RFID Applications

The ability to track a product from the production process through the distribution channel to the end user with accuracy has become easier with the use of RFID.

RFID Applications:

  • Pharmaceutical logistics
  • Asset-tracking
  • Security applications
  • Anti-counterfeiting
  • Inventory control
  • Name badges for trade shows & expos

RFID

What is Automatic Identification?
Automatic identification, or auto ID for short, is the broad term given to a host of technologies that are used to help machines identify objects. Auto identification is often coupled with automatic data capture. That is, companies want to identify items, capture information about them and somehow get the data into a computer without having employees type it in. The aim of most auto-ID systems is to increase efficiency, reduce data entry errors, and free up staff to perform more value-added functions, such as providing customer service. There are a host of technologies that fall under the auto-ID umbrella. These include bar codes, smart cards, voice recognition, some biometric technologies (retinal scans, for instance), optical character recognition, and radio frequency identification (RFID).

How does a RFID system work?
An RFID system consists of a tag, which is made up of a microchip with an antenna, and an interrogator or reader with an antenna. The reader sends out electromagnetic waves. The tag antenna is tuned to receive these waves. A passive RFID tag draws power from a field created by the reader and uses it to power the microchip’s circuits. The chip then modulates the waves that the tag sends back to the reader; the reader converts the new waves into digital data.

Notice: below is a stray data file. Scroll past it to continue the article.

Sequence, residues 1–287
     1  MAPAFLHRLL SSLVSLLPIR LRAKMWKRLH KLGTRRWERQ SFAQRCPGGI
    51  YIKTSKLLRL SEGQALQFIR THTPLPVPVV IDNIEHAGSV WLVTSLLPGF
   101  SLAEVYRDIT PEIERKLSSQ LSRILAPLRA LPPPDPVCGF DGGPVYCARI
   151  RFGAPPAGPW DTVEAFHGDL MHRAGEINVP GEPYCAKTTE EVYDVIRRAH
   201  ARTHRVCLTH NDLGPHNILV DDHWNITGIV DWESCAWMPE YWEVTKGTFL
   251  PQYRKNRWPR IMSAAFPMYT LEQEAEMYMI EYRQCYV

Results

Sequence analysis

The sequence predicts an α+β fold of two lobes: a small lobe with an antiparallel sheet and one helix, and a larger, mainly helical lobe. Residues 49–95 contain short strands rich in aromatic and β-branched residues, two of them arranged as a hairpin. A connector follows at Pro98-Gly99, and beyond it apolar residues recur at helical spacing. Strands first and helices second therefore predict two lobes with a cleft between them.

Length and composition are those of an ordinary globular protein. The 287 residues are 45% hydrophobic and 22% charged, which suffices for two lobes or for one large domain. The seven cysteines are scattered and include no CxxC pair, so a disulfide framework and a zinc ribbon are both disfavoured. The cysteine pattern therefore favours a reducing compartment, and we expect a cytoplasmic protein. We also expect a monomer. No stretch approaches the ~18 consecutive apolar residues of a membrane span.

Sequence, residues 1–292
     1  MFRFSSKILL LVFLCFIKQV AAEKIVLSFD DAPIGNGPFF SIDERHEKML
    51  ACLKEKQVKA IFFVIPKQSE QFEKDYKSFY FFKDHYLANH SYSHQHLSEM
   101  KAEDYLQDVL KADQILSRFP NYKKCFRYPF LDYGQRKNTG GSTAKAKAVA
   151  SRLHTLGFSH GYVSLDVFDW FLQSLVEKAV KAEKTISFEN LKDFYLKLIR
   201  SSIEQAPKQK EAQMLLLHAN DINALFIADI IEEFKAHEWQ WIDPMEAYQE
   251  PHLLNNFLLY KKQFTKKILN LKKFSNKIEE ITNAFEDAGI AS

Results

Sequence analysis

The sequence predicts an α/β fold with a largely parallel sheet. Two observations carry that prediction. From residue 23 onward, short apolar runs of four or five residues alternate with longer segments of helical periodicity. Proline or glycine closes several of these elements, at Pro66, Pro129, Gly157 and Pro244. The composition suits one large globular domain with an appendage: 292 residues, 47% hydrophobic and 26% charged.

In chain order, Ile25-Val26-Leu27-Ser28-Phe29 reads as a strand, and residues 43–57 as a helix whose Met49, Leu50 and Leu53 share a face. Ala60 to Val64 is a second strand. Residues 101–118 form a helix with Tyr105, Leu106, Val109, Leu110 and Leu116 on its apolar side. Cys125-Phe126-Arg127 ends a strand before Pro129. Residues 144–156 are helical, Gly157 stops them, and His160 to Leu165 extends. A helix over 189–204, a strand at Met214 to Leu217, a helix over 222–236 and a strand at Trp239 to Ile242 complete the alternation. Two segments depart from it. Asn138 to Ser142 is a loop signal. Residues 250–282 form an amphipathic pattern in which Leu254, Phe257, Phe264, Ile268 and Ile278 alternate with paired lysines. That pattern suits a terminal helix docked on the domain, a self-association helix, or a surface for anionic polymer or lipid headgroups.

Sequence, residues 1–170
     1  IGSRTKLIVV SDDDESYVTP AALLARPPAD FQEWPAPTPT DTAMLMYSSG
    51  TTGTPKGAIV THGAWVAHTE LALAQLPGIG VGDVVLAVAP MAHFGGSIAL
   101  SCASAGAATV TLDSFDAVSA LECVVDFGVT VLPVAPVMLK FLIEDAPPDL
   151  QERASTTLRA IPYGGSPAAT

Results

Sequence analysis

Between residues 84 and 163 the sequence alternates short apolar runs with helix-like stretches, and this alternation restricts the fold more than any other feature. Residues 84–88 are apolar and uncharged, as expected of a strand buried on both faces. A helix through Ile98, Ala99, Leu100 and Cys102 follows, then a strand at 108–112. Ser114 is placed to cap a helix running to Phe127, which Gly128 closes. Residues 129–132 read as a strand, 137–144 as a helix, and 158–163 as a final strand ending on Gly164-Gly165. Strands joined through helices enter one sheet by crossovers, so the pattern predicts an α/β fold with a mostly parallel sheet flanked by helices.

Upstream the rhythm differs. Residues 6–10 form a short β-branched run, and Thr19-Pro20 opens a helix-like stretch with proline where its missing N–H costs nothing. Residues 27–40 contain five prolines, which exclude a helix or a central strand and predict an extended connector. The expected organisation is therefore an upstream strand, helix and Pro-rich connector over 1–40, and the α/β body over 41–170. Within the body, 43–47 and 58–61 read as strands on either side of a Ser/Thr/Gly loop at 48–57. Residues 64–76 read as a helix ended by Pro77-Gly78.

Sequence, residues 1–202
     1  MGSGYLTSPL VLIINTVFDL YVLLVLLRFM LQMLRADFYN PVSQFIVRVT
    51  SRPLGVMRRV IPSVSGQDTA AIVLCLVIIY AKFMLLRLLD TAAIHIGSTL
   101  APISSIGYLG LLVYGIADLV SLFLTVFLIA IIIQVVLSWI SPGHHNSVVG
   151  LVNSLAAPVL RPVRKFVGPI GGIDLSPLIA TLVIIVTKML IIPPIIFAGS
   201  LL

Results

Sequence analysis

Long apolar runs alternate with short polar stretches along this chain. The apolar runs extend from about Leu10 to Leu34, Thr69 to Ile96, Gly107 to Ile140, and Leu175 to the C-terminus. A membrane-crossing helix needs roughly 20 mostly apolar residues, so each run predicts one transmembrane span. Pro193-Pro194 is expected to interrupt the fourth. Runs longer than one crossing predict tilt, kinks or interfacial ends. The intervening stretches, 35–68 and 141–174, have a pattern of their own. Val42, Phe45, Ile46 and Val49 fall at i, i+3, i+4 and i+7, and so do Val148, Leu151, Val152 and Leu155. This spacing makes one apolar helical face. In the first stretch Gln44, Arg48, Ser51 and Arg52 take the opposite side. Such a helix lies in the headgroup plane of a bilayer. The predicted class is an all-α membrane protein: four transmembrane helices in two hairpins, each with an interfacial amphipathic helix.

Are there any health risks associated with RFID and radio waves?
RFID uses the low-end of the electromagnetic spectrum. The waves coming from readers are no more dangerous than the waves coming to your car radio.

What is an Electronic Product Code?
The Electronic Product Code, or RFID, was developed by the Auto-ID Center as a successor to the bar code. It is a numbering scheme that will be used to identify products as they move through the global supply chain.

Why is RFID better than using bar codes?
RFID is not necessarily “better” than bar codes. The two are different technologies and have different applications, which sometimes overlap. The big difference between the two is bar codes are line-of-sight technology. That is, a scanner has to “see” the bar code to read it, which means people usually have to orient the bar code towards a scanner for it to be read. Radio frequency identification, by contrast, doesn’t require line of sight. RFID tags can be read as long as they are within range of a reader. Bar codes have other shortcomings as well. If a label is ripped, soiled or falls off, there is no way to scan the item. And standard bar codes identify only the manufacturer and product, not the unique item. The bar code on one milk carton is the same as every other, making it impossible to identify which one might pass its expiration date first.

Will RFID replace bar codes?
Probably not. Bar codes are inexpensive and effective for certain tasks. It is likely that RFID and bar codes will coexist for many years.